Sony has reportedly banned a ton of PS4 and PS5 games from the PlayStation Store and will clamp down on future releases that fit the parameters set by this new policy. If you've noticed that the PlayStation Store has been overrun with shovelware nonsense games it's because a ton of shovelware nonsense games have flooded PSN. Who buys these games? Not many, but some do, and some do because the games have very easy platinum trophies. And because they are the most bare-bones assets flips a few sales made them profitable. The whole thing is apparently coming to an end though. A new report has relayed word that developers and publishers have been sent a letter by Sony that says it will be cracking down on spam and duplicative content.
"Sony Interactive Entertainment strives to ensure that customers can search and discover the full breadth of experiences on PlayStation, and that partners have a fair means of being discovered. When partners oversaturate or 'spam' PlayStation Store with many variants of the same type of content, it can negatively impact both the customer and partner experience," reads the letter.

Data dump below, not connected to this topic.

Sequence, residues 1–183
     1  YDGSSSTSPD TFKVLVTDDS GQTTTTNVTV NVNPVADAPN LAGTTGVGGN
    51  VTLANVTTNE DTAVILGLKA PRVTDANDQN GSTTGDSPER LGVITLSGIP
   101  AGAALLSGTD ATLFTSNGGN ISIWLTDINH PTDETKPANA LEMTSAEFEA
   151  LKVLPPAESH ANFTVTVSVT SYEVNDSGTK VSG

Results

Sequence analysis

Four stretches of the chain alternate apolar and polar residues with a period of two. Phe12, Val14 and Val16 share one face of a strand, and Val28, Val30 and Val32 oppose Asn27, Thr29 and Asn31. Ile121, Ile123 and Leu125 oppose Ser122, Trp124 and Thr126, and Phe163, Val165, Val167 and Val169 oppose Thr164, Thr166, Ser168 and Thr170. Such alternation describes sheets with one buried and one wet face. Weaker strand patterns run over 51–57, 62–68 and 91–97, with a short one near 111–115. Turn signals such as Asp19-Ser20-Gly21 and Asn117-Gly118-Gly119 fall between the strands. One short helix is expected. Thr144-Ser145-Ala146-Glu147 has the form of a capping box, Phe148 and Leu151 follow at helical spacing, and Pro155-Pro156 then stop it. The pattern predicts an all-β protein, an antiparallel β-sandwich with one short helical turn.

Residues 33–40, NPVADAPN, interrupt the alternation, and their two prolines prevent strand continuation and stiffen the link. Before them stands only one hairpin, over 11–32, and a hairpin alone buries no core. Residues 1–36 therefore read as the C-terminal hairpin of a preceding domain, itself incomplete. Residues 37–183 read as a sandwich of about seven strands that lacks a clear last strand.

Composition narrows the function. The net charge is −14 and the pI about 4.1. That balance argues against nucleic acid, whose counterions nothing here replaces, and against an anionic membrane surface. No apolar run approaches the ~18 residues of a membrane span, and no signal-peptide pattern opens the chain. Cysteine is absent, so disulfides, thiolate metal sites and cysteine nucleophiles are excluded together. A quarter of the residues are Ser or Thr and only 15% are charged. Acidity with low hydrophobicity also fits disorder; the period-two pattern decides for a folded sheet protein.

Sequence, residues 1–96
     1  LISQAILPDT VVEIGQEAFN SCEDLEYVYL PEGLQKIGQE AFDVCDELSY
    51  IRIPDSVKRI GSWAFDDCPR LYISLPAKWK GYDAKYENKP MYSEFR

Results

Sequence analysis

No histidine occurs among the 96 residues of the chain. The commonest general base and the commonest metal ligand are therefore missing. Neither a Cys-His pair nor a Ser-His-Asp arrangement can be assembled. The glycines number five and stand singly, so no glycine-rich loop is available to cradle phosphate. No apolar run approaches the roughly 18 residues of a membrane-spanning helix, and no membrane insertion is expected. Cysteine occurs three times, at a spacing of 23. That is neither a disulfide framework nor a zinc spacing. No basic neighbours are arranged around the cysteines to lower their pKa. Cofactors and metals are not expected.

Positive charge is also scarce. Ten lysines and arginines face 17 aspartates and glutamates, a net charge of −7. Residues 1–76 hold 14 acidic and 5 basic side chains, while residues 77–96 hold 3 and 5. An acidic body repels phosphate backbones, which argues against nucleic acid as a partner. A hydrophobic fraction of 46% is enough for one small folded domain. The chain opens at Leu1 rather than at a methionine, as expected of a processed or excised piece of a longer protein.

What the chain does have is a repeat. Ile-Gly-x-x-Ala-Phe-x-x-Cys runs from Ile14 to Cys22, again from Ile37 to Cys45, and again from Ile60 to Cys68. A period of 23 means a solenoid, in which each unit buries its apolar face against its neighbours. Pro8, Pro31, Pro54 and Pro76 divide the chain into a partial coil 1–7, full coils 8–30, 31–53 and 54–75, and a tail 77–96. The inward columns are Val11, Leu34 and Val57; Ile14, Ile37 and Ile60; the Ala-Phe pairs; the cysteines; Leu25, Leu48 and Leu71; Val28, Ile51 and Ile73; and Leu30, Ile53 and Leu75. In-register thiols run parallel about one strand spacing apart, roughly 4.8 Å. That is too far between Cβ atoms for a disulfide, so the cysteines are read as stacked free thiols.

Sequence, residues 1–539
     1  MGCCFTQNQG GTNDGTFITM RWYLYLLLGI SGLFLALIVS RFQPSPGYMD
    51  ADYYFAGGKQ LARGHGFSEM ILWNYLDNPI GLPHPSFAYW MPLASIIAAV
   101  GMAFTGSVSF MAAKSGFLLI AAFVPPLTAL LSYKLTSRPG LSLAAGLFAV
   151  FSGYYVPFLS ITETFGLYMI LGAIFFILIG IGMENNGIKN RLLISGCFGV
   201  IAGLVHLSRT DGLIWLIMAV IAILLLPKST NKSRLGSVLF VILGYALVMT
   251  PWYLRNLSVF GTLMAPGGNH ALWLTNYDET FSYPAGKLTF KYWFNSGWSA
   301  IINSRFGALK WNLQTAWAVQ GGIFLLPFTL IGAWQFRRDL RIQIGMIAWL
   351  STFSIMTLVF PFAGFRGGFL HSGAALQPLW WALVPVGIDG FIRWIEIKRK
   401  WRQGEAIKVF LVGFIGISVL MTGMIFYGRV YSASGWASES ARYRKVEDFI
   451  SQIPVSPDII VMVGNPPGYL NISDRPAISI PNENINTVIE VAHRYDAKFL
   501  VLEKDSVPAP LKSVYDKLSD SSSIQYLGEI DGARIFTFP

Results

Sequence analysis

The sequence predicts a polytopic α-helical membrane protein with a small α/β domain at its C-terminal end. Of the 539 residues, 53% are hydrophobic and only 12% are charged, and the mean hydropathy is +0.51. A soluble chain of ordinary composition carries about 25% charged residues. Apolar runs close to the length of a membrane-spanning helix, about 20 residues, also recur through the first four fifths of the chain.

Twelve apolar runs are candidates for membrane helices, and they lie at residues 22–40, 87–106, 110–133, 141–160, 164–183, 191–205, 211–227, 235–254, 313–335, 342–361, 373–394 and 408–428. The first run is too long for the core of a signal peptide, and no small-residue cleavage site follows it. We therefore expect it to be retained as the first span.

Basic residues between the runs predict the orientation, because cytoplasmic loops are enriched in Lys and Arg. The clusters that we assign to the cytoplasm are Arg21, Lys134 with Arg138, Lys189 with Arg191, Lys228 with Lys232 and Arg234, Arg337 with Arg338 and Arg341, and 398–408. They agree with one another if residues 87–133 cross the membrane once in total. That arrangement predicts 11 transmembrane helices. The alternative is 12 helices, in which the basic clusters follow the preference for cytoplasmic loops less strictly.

So what is changing, well "products whose functionality and/or assets are copied or are not meaningfully different from products already published on PlayStation Store, irrespective of the publisher of record" are deemed "spam" and "repetitive." And if a game is assigned these tags it won't be allowed to release on the PlayStation Store. This also applies to "multiple concepts and product variants, published by individual partners, that have duplicative functionality or experiences, differentiated only by minor variances of functionality or assets."
Sony continues: "Where possible, partners should consider aggregating small, similar content experiences into a single product, using in-game commerce to expand or extend the experience."
The letter concludes noting different trophies is not enough to differentiate a game. And this last point is the clearest, and will put an end to the bulk of shovelware on PSN.
It remains to be seen how any of this will be enforced, but each game will presumably be reviewed by a human with these guidelines in mind. Each game has always been independently reviewed by an actual human -- or at least that's what supposed to happen -- but clearly the guidelines being used were very lax.